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Black history through poetry for children: Maya Angelou

To close out Black History Month and to get ready for National Poetry Month in April, bring the poetry of Maya Angelou into your home and classroom. "Poetry for Young People Maya Angelou", published by Sterling Publishing, provides twenty-five of Angelou's most powerful poems.

African-Americans' historic struggles captured in poetry.

At the age of three Maya Angelou and her brother Bailey were sent to  live with their grandmother in Stamps, Arkansas. In this small southern town, Angelou learned what it was like to be a black girl in a restricted white world. As a whole the poems in this book speak of the African-American struggle with prejudice and discrimination and of how adversity can be overcome with personal dignity, courage, and spiritual strength.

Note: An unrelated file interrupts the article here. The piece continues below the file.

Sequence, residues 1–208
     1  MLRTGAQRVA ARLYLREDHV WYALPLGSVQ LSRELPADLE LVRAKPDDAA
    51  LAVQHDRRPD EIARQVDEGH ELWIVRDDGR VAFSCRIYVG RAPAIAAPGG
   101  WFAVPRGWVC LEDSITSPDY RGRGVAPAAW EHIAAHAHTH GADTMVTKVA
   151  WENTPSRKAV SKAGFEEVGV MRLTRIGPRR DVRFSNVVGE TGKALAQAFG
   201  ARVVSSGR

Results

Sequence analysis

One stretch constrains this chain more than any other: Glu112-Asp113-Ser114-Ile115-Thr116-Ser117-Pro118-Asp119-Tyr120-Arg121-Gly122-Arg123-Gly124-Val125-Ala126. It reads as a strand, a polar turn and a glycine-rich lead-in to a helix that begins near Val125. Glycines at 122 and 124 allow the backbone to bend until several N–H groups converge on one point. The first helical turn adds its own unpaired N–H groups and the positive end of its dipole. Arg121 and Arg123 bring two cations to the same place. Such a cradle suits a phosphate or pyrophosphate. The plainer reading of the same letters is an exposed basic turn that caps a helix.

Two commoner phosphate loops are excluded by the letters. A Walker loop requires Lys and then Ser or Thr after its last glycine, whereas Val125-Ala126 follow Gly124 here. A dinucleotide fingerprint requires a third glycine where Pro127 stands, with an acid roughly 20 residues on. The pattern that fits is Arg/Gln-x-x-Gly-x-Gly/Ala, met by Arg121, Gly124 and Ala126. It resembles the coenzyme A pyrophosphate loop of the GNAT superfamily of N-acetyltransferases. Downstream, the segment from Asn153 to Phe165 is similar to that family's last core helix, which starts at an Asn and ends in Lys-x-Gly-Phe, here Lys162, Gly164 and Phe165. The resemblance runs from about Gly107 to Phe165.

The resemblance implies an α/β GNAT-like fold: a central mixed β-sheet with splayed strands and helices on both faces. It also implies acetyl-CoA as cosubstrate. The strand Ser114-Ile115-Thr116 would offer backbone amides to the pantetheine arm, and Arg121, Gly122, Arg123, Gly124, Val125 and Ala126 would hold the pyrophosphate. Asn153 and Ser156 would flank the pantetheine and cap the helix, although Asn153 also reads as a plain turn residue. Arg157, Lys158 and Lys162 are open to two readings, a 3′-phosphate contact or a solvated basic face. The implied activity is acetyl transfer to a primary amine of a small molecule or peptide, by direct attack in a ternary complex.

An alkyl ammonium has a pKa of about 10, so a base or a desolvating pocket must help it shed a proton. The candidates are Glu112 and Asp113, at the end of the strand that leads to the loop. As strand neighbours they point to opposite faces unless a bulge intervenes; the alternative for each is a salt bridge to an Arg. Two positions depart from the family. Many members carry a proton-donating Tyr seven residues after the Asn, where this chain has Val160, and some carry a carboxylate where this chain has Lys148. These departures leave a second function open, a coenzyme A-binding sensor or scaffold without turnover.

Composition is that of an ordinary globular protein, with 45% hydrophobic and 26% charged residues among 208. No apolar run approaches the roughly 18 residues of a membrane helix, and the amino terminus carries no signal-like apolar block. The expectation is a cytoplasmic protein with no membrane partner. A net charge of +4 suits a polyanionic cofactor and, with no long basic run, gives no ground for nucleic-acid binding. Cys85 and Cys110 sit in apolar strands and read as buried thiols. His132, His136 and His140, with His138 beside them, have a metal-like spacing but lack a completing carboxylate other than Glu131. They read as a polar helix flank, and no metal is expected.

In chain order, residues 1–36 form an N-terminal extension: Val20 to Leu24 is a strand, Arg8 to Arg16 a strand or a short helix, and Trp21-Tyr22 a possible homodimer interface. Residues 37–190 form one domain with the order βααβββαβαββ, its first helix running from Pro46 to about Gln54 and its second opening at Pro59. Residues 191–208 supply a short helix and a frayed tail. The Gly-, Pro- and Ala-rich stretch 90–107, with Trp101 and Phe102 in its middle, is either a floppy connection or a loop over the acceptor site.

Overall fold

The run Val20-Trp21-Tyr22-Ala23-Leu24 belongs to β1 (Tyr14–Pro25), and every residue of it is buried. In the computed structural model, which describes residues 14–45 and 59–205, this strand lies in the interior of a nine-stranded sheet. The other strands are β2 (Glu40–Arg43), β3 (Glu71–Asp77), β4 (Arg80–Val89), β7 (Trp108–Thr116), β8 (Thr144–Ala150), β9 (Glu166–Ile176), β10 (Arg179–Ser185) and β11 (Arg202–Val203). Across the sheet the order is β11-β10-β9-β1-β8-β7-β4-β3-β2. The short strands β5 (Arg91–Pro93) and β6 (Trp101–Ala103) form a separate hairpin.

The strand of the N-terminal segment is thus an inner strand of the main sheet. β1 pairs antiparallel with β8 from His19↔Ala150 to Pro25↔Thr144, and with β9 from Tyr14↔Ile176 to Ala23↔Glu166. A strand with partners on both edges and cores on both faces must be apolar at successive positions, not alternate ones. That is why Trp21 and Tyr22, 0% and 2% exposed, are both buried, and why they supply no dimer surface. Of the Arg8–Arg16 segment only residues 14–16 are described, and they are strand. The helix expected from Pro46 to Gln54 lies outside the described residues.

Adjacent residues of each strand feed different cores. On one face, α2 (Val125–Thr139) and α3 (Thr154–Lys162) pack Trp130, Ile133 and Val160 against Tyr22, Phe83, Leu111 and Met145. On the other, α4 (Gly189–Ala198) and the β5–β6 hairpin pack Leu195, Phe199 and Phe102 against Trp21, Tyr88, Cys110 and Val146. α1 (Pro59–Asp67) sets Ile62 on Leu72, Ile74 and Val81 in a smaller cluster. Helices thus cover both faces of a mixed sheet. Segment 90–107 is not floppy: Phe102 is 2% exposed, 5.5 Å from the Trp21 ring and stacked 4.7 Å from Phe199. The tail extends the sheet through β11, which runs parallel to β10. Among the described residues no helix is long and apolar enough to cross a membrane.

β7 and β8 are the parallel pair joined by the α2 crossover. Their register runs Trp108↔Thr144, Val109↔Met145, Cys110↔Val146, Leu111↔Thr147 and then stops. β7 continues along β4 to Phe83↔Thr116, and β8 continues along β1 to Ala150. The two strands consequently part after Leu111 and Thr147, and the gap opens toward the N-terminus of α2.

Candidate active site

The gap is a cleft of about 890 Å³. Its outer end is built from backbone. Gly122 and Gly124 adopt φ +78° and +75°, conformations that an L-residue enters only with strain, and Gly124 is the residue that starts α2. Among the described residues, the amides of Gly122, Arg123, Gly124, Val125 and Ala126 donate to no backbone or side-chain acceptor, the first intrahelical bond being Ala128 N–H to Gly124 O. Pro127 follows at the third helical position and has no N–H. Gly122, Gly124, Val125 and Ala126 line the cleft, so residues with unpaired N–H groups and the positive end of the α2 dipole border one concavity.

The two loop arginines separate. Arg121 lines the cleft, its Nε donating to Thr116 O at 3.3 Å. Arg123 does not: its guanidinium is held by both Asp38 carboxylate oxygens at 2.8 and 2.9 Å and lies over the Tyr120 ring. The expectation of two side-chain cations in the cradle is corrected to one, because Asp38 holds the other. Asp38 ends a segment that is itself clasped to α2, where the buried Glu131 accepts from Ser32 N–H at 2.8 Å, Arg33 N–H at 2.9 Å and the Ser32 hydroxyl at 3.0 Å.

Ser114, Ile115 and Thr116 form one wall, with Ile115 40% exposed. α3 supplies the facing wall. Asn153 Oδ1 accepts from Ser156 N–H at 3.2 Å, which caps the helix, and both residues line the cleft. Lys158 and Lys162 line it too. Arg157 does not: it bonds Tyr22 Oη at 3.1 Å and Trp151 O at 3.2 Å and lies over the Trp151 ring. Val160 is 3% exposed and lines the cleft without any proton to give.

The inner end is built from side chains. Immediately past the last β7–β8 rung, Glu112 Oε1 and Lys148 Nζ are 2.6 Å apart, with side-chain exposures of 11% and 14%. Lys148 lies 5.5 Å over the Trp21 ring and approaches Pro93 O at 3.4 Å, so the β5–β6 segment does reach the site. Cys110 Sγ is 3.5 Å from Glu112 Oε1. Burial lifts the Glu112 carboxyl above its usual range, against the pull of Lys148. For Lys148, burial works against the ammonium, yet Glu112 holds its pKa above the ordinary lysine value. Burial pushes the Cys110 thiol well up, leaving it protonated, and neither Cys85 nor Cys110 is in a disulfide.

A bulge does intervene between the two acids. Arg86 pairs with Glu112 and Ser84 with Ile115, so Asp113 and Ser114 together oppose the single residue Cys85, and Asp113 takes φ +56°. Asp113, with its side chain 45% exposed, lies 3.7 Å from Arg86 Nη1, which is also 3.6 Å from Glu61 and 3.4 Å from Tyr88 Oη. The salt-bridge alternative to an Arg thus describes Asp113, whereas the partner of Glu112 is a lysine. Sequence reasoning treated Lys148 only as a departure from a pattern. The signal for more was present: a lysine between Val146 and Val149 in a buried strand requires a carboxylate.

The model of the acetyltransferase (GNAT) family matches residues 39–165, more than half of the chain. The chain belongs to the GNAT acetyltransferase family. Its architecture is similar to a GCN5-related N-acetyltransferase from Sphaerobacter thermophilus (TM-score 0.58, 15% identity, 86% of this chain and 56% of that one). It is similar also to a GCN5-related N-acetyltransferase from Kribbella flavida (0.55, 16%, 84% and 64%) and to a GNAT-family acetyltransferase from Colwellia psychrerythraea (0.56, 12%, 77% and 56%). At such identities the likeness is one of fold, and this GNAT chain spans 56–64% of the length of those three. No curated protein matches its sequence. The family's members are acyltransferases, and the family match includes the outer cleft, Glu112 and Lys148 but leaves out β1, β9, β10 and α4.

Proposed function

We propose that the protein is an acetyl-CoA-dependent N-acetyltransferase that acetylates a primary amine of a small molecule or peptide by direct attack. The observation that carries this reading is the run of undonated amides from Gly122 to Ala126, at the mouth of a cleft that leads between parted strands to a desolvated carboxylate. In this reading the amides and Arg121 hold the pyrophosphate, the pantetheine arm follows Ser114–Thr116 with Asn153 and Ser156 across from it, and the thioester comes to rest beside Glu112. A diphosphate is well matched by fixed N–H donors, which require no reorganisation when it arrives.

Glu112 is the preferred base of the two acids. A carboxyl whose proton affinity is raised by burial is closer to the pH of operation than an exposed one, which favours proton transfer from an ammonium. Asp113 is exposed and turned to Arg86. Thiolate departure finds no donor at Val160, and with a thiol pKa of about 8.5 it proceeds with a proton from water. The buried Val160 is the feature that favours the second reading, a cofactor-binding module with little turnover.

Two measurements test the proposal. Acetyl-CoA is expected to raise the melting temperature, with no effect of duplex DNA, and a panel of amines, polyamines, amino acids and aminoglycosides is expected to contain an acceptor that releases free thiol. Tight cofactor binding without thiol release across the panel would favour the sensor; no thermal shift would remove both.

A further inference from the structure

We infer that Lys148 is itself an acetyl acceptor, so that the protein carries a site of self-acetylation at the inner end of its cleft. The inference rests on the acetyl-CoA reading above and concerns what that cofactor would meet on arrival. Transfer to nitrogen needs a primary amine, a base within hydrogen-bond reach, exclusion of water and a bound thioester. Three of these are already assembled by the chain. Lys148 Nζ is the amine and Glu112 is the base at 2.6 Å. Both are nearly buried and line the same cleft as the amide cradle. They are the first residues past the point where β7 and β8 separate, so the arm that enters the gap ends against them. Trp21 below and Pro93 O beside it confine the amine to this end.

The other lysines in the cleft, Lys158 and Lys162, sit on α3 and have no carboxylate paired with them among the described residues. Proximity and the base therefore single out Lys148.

Included in this book are the poems "Forgive" and "A Georgia Sky" which reflect her memory of living in an unyielding segregated town. Also included is "A Brave and Startling Truth", the poem she read and wrote to celebrate the fiftieth anniversary of the founding of the United Nations.  This poem embodies her strong belief that "...every man and every woman/we can live freely without sanctimonious piety/Without crippling fear,".

Jerome Lagarrigue beautifully illustrates each poem and captures in his illustrations the soulfulness Angelou breathes into them. The editor of the book, Edwin Graves Wilson, Angelou's colleague at Wake Forest University, provides headnotes for each poem and definitions on the bottom of each page for words that might be unfamiliar.

The reading level is for ages nine to twelve but these poems should be read aloud for all to hear the power, honesty and hope encapsulated in them.

In Chicago this book is available at www.thelearningtreechicago.com

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